Cell culture and transfection
All cell lines were purchased from the Cell Bank of Chinese Academy of Sciences. MCF7, MDA-MB-453 and MDA-MB-231 breast cancer cells were cultured in High Glucose DMEM (#SH30022.01, Hyclone) supplemented with 10% FBS (#SH30084.03, Hyclone). T47D, HCC1806 and BT549 were cultured in RPMI-1640 medium (#SH30027.01, Hyclone) with 10% FBS. BT549 cells were additionally supplemented with 1 μg/ml insulin (#I9278, sigma). MCF10A was maintained in DMEM F12 medium (#SH30023.01, Hyclone) supplemented with 5% horse serum (#26050088, Invitrogen), 0.5 μg/ml hydrocortisone (#386698, sigma), 10 μg/ml insulin, and 20 ng/ml recombinant human EGF (#100-47, PeproTech). All cells were incubated in 5% CO2 at 37 °C.
Two different siRNAs specifically targeting TAZ were designed and synthesized by GenePharma company (Shanghai, China). pcDNA 3.1(+)-TAZ and pcDNA 3.1(-)-TAZ-4SA overexpression plasmids were kindly provided by Dr. Jianmin Zhang from the Department of Cancer Genetics & Genomics, Roswell Park Cancer Institute, Buffalo, USA. Transfections of siRNAs or plasmids by using Lipofectamine 2000 (#11668-019, Invitrogene) were performed according to the manufacturer’s protocol. To generate the TAZ knockdown stable transfectants, TAZ-specific lentiviral shRNAs inserted into the GV112 vector (hU6-MCS-CMV-Puromycin) were designed and constructed by GenePharma company (Shanghai, China), and cells were transfected in the presence of 5 μg/ml polybrene according to the manufacturer’s instruction. The sequences of the siRNA and shRNA oligonucleotides are provided in Additional file 1: Table S1.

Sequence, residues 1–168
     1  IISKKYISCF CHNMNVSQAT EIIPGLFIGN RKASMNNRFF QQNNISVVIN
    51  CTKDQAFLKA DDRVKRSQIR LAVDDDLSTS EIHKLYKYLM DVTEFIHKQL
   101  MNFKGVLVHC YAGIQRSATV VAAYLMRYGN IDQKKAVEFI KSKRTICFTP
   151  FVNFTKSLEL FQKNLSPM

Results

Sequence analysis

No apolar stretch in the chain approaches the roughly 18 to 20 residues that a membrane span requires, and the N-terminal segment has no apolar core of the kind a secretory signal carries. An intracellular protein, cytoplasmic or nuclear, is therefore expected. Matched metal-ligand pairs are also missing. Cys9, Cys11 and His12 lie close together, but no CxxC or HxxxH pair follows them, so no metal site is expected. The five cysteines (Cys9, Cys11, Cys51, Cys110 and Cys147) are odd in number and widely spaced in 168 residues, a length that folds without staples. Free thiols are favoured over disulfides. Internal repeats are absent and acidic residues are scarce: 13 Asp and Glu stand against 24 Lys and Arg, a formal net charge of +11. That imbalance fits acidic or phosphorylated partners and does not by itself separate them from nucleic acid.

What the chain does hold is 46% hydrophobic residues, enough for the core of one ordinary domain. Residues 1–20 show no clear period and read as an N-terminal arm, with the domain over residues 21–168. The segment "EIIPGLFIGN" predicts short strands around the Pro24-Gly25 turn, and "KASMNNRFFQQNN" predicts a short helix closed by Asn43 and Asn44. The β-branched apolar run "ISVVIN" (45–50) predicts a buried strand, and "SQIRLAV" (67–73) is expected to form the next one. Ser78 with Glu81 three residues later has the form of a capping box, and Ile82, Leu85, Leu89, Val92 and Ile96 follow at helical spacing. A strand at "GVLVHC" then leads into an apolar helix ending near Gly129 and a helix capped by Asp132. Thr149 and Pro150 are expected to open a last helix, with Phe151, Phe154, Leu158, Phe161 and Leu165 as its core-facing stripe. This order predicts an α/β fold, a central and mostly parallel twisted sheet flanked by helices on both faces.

Western blot analysis and antibodies
Cells were lyzed using RIPA buffer (#P0013C, Beyotime, Shanghai, China) supplemented with Protease and Phosphatase Inhibitors (#A32959, Thermo). Proteins were transferred to PVDF membranes after being separated in SDS/PAGE. The primary antibodies were incubated overnight at 4 °C, and the HRP-conjugated secondary antibodies were incubated for 1–2 h at room temperature. Final detection was performed by using ECL Plus Western Blotting Detection Reagents (#WBULS0500, Millipore). Antibodies against TAZ (#4883), β-catenin (#8480), p-ATR (#2853), p-ATM (#5883), p-BRCA1 (#9009), p-CHK1 (#2348), p-CHK2 (Thr1079, #8654) were purchased from Cell Signaling Technology (Beverly, MA, USA). Antibodies against p21 (#sc-6246), hTERT (#sc-393013), Rad51C (#sc-56214) were purchased from Santa Cruz Biotechnology (Santa Cruz, CA, USA). Antibodies against TRF1 (#ab129177), TRF2 (#ab108997), POT1 (#ab124784), TIN2 (#ab197894), RAP1 (#ab175329) were obtained from Abcam (Cambridge, MA, USA). Antibodies against GAPDH (#HRP-6004), β-actin (#HRP-60008) were obtained from Proteintech Group Inc. (Wuhan, China).
DNA/RNA isolation, RT-PCR and qPCR
For relative telomere length analysis, genomic DNA was isolated by using the Tissue DNA Purification Kit (#D3396-01, Omega) and used as the template of qRCR reaction to determine the relative telomere length.